Heartbreaking news from Taiwan and China

The folks from the compact development research argue that high human population settlements make for more resilient cities. However, it is disasters such as these which make me wonder: is it likely that there is a one-size-fits-all urban form for resiliency against disasters. 400 people victim to one mudslide is terrifying, and while I guess we could go into long arguments about how climate change is causing all this, we’ve had typhoons for some time. What we haven’t had in the scope of human history are the population levels and densities in particular locations which heighten the casualties from major events.

As irritating as Los Angeles is to many urbanists, developers’ response adaptation to earthquakes made perfect sense before the technology was available to build upwards. The spread also creates a feedback problem for the wildfire resiliency folks. Yes, it would be better if people weren’t living in the fire ecosystem on the fringes. But given that there are people living in the fire ecosystem, the fewer the better, the easier it is to evacuate them, etc. I’m not suggesting that LA fringe is an optimal urban form, but it does carry some advantages. The spatial spread in LA’s population and economic activities meant that while Northridge and surrounding areas suffered immensely from the earthquake, the rest of the region went on largely as before.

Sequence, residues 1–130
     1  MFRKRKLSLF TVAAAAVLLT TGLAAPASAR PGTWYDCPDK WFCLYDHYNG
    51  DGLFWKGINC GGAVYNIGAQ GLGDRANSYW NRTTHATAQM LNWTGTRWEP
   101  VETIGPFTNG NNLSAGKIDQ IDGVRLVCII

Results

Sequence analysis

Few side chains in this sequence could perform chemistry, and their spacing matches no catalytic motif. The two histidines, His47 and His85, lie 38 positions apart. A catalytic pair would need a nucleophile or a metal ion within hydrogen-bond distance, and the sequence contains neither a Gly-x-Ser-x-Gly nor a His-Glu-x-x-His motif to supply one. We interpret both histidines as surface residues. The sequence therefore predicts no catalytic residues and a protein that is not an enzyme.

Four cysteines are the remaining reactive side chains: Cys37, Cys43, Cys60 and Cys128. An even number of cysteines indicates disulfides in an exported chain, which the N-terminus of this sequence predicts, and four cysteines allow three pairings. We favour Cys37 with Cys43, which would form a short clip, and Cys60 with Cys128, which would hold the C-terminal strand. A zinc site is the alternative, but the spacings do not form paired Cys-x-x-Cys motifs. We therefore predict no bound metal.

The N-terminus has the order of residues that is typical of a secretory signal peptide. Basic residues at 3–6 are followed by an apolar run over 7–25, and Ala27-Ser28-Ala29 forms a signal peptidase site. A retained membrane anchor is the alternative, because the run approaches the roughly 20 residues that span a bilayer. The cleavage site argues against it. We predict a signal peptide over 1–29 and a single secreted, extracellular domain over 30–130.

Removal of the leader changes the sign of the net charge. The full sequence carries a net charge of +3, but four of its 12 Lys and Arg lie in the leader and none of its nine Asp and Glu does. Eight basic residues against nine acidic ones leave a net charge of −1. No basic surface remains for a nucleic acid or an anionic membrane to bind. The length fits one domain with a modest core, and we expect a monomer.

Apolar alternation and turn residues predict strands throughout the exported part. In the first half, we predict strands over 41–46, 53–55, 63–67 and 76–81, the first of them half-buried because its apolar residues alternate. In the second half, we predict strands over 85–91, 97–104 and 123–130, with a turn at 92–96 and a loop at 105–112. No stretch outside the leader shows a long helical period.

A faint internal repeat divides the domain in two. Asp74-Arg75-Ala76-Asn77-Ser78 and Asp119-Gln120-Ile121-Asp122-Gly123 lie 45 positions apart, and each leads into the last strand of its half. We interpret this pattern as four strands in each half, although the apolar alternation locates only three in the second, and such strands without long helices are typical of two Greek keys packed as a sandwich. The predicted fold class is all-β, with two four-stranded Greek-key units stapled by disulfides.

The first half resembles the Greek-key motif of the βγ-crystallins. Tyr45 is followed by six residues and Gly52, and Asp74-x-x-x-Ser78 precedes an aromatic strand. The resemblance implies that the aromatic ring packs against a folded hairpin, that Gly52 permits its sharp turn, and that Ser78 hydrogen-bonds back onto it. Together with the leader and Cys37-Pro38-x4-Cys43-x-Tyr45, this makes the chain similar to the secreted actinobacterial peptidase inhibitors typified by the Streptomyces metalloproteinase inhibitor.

Things that are never listed as urban sprawl

1. Golf courses

2. Horse farms

3. Penthouses (think about it; one family uses space that other families would normally use; no, it’s not as space consumptive as single-family homes, but 3,000 sq ft units are still a great way to keep poor people out)

4. Ponds and parks (I like parks as much as the next person, but when you put them in, they do spread out land uses, even if you control land around them, as in Manhattan, and you could use the land in Central Park for housing a la Singapore or Hong Kong at even residential densities. No, I am not advocating we get rid of Central Park.) That is, unless you think the lack of open space in cities prompts people to suburbanize. Interesting question, that.

5. Tiffany’s, as the nice new set up in Pasadena. Did LA need another Tiffany’s outside of Rodeo Drive? I mean, how many impulse trips to Tiffany’s does one take? It’s hard telling. Now, affluent Tiffany patrons in the outer suburbs can drive shorter distances, saving emissions, right? But Tiffany’s is in a walkable space in Pasadena, served by light rail, so it’s ok, just as long as the patrons are also picking up their locavore packages, right? Oh, but Target or Walmart? Sprawl, sprawl, sprawl: people should be ashamed of themselves for going there, shouldn’t they, tsk, tsk, unlike Banana Republic.

I’m trying to get you to look at the sprawl discourse using social class as lens instead of environmentalism. Yes, the environmental discourse is really important. But we can’t assume that the environmentalism discussion covers the social justice discussion entirely.